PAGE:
The problem with married people is that they’re so sanctimonious and so fucking annoying – at least for the first year of their marriage – that basically as soon as you get home from the wedding you want to murder them. Suddenly your friend, independent and free thinking to a fault, answers all personal questions with the pronoun “we”.
Friend: Did you enjoy that movie?
Bride: We loved it.
Ugh. Just awful.
And the whole “we’re so in love” vibe that follows them around is just cloying. Like, can’t you people tear yourselves away from each other and spend five minutes acting like the people I originally liked before you turned into this bizarre Uniperson?
And there’s the weird distancing thing that happens. You notice its been six months since you last heard from your friend, call her on the carpet and she says something horrible like, “We just find that we don’t have many single friends anymore. It’s just… awkward.”
Well, I promise I won’t be like that when I’m married.
I solemnly swear that I will not answer in the plural when someone asks me a question. I promise I will never cut out my single friends (seriously, what is that about?!). I vow that after I’m married, I will continue to be wild, unstoppable, and fundamentally untamable.
I went through a phase about five years ago when I felt that panic – that weird oh my God, what if I never get married? low grade anxiety that I carried with me everywhere. Looking back, I can see that I didn’t really want to be married – I just wanted more out of life, and being married seemed like a nice way to get there. (Also, it was a selfish thing: I wanted to know I was loved enough that someone would want to commit to me that way.) In the last five years, my life has changed tremendously. I found Paul when I was already happy. I’d figured out what I wanted and a way to get it. When he arrived, I was happy and felt none of that “maybe he’s marriage material” fission that always hovered on the margins of every date. Somewhere along the way, I realized that the experiences I wanted to have in my life would be enhanced with him. They’d be funnier and more beautiful, more intense, sweeter.
So when we were talking about the future, and the subject of marriage came up, I considered it seriously. What would my life be without him? And what would it be with him? I didn’t want to be “a wife”. I wanted to be an entrepreneur, a writer, a scaler of mountains, a swimmer of seas, a one-person bohemian circus of experiences. But when it came to him, I thought … I could be his wife and be all those things. And the answer was as easy as Mother Goose. Of course I’d marry him.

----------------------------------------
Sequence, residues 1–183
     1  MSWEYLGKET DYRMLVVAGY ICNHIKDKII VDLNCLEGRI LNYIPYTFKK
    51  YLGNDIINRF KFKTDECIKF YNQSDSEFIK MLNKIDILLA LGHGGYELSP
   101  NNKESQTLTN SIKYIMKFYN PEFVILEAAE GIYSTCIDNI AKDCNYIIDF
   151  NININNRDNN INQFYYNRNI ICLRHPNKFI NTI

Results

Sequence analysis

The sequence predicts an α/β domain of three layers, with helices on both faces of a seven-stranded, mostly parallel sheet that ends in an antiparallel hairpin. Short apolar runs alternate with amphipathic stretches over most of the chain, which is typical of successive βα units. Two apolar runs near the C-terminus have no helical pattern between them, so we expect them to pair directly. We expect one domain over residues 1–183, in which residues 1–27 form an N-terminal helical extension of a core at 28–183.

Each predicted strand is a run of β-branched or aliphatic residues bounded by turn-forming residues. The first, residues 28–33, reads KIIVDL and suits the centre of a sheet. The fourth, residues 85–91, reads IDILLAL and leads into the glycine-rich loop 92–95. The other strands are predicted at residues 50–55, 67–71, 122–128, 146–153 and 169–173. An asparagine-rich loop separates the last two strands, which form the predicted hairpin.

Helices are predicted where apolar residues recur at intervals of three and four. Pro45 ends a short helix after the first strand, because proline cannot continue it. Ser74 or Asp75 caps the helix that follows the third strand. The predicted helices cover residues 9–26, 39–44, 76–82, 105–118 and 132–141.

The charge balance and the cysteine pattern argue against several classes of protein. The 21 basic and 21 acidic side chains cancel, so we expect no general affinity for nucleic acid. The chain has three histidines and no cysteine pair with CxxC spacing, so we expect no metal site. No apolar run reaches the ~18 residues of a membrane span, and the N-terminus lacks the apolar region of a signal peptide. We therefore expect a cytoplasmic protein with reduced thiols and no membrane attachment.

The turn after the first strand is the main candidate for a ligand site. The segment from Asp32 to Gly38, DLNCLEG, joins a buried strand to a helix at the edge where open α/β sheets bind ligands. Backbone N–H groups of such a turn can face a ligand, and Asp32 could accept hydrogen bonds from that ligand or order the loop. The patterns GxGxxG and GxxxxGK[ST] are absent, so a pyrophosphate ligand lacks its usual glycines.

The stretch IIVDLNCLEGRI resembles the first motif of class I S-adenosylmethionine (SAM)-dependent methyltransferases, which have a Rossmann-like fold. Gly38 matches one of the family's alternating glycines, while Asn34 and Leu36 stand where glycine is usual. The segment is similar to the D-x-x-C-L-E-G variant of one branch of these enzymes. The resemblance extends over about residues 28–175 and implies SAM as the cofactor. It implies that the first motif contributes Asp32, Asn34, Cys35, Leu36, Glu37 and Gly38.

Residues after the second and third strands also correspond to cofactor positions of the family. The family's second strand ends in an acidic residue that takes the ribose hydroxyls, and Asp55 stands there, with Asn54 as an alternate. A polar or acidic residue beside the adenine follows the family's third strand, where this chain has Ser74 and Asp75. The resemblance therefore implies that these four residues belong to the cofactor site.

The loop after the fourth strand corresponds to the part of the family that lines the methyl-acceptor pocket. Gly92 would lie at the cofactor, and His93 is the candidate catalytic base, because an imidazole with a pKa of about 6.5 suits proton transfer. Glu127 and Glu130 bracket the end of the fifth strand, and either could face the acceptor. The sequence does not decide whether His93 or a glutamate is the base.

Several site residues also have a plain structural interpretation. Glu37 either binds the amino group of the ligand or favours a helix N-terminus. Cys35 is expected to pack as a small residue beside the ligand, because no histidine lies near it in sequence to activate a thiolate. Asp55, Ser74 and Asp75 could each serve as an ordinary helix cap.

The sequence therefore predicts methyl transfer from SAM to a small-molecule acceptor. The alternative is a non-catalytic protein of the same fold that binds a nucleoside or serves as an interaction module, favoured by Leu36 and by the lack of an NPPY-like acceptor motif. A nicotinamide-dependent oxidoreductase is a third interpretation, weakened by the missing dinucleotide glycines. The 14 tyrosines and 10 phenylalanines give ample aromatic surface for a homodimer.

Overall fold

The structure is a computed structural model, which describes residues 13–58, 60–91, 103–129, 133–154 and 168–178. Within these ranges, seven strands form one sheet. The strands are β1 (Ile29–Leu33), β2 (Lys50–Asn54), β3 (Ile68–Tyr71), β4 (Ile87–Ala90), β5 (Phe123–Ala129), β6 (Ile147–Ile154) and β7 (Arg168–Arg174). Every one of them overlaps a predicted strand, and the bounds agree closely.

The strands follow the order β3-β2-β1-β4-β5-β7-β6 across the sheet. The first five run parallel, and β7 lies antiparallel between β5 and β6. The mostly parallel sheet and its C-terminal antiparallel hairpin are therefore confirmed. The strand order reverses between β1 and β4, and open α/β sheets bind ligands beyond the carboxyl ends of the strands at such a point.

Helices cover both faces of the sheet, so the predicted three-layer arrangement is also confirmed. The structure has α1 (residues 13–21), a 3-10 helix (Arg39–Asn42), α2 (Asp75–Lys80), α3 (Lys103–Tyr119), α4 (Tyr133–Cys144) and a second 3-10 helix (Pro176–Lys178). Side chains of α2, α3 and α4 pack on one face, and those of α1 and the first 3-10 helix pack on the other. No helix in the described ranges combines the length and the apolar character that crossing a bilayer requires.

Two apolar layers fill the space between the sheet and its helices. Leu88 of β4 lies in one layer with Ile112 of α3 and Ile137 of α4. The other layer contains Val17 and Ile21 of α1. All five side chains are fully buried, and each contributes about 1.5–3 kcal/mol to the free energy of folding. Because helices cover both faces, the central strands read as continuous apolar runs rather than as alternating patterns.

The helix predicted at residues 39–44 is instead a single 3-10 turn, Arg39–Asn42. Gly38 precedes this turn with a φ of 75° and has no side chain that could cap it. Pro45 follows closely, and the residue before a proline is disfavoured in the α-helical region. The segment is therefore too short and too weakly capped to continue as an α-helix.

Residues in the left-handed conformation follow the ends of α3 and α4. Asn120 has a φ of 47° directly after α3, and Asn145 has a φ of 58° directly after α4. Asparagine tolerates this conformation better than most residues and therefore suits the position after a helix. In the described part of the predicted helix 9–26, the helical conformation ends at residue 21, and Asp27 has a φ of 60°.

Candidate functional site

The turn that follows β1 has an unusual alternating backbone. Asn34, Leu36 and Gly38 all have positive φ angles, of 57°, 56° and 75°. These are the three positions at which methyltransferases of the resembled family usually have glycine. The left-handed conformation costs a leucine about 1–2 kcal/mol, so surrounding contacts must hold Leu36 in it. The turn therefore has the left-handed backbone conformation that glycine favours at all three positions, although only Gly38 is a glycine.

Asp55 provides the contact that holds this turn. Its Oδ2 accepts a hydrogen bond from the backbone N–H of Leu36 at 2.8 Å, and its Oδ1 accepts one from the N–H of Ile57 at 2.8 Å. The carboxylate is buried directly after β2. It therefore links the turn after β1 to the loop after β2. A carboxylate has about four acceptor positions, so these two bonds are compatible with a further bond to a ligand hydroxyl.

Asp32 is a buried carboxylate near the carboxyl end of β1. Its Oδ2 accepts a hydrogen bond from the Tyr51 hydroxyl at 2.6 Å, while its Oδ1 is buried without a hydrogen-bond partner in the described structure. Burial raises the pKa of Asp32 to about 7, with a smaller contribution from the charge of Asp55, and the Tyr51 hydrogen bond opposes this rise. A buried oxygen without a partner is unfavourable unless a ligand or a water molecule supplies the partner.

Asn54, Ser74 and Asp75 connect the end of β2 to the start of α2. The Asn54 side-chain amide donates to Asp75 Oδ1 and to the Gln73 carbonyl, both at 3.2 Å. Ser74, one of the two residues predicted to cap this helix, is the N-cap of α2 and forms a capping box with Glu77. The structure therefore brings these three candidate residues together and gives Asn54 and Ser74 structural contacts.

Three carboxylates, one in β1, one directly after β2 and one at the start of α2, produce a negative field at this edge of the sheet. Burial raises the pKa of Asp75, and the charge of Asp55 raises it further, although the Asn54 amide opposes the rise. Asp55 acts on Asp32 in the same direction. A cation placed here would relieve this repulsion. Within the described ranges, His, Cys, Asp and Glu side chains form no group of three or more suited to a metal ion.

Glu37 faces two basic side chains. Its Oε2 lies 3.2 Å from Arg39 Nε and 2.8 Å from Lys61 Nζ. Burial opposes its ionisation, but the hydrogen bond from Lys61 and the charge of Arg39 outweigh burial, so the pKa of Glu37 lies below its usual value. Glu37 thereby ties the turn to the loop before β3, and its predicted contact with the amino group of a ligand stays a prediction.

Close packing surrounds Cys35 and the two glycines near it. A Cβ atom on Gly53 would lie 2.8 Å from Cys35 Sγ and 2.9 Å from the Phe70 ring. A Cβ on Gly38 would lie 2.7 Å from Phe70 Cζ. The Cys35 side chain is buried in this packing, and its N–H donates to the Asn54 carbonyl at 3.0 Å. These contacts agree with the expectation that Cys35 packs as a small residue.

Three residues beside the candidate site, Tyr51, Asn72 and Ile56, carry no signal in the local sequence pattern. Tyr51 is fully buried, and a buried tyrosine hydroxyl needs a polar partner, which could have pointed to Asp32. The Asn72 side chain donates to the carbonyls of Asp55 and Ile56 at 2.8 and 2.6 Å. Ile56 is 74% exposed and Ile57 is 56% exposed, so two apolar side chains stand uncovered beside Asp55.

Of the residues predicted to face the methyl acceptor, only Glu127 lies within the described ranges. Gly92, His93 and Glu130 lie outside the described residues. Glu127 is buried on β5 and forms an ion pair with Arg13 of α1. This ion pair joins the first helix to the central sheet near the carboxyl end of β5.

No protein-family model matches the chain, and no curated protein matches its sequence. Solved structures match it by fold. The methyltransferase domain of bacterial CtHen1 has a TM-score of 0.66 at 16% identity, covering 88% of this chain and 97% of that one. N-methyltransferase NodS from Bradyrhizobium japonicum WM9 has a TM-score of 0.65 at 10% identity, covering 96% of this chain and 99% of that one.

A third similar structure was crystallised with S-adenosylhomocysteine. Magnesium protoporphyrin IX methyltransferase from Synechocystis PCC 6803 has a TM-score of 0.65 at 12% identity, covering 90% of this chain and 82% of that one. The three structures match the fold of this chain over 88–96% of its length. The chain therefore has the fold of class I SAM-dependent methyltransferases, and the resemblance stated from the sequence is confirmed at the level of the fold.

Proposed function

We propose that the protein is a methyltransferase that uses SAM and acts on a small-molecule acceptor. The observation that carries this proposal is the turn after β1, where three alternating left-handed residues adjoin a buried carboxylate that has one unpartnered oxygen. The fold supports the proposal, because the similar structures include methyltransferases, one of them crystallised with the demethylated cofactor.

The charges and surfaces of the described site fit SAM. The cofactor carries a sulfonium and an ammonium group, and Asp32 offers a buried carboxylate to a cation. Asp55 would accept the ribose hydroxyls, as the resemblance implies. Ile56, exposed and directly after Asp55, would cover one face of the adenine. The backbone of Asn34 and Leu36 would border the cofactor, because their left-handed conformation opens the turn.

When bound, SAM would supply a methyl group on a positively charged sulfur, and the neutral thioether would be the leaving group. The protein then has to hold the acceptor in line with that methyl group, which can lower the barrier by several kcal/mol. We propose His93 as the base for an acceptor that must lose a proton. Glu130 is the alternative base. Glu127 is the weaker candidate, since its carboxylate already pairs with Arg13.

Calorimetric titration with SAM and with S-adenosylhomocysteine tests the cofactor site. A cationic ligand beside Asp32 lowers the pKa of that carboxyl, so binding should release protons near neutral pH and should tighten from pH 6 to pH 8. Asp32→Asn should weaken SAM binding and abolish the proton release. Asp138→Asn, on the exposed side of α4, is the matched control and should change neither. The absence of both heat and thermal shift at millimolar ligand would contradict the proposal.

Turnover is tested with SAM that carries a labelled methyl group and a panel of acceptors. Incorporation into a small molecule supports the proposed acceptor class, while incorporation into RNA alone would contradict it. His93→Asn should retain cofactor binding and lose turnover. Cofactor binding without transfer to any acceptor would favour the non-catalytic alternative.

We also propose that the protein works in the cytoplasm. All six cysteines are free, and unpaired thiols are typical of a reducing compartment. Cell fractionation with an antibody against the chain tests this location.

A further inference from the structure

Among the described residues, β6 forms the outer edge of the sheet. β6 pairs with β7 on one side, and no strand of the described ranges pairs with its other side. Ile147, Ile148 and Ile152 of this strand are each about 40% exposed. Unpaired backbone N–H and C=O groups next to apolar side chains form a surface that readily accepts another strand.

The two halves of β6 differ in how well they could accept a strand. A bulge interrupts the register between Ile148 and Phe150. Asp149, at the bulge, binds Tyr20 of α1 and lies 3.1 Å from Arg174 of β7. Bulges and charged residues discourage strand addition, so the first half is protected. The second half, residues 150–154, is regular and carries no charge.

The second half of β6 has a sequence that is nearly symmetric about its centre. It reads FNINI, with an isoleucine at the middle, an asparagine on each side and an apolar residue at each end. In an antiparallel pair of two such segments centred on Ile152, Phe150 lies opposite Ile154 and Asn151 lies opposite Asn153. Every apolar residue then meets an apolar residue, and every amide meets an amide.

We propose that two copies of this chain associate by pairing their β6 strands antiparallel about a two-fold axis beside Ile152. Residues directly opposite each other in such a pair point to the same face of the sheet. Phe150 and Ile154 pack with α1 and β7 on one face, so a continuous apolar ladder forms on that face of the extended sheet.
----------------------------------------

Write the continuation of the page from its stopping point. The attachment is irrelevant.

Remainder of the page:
He is extremely slow to decide things. Rock-steady, calm, composed, utterly in control at all times. I think that gives me the freedom to have my experiences, and if I fail, he is there, steady as Plymouth Rock. He’s grounded me quite a bit (in a good way) and I believe I’ve brought him out of his shell a bit (also in a good way.) He never cared for travel, for instance, and now we have plans to visit Paris and Florence. I’m still working on getting him to go shark diving with me in South Africa.
I used to think it mattered if he wouldn’t shark dive with me in South Africa. Now I really don’t care if he stays at the hotel and reads while I go shark diving. I respect the fact he might not want to do that, and he respects the fact that I do. This is partly why I doubt I’ll ever be one of those “we think” people. We are as close as two people can be, and yet we still respect these individual spikes that make us unique.
I’m thrilled to be getting married to him. I love him endlessly and we make each other happy. I can’t wait to say I do. Not “We do.”
I made the pilgrimage to Shanksville, PA one cold Spring morning. It was a desolate, isolated place. Beautiful. What I remember most is looking at the memorial of notes and firemen’s jackets. A young man stood beside me, looking at the items as reverently as I. “Did you lose somebody?” he asked.
I blinked, uncertain what he meant. Without thinking, I said, “Yes. I lost them all.”
You can see the rest of these Shanksville pictures here, on my Flickr page.
[I post this every year on September 11. I guess you could call it a tradition.]
Sean does not like it when I call him a 9/11 Victim. He tells me he’s not a victim. His coworkers who died were victims. His wife of ten years was a victim. He was just there when it happened.
When we are together, I ask him questions about her. He is patient with me, explaining their relationship, not diminishing it just because she is no longer here, which I appreciate. I listen, trying to understand how it must feel to be in his skin and to live through that day and the thousand days that have passed. A few weeks ago, while in New York, I sat on the counter of his modern kitchen while he poured glasses of red wine. On the fridge was a snapshot of his wife and their son taken in Central Park that September. She’s tiny, with a brown ponytail, bright brown eyes, and a natural, genuinely happy grin. Had things been different, she is the kind of woman who might be one of my best friends.
Instead, I’m dating her husband.
I knew I had fallen in love with him and his life – his beautiful son, his beautiful apartment with the astonishing views, his thoughts and mind and heart, all of it, everything – when I woke up one Saturday morning to a knock on the door. I grabbed a sweater to throw over my pajamas and went to the door, and there he was, like the continuation of a very nice dream. Unexpectedly, he had flown down on the breakfast flight from New York. I threw my arms around him, and told him I was exhausted and to come nap with me. After that, we’ve known that this was not a trivial thing.
I realize that I am getting into something that is both wonderful and daunting. Every time 9/11 is mentioned, I see the crinkles around his eyes tighten up, just for a second. It’s personal to him, and by extension, it’s personal to me. The other night he called me at three in the morning. I stay up late, so I didn’t mind, but I knew he had to be at work early the next morning. As soon as I saw his name on my caller ID I answered, “Hey, is everything okay?”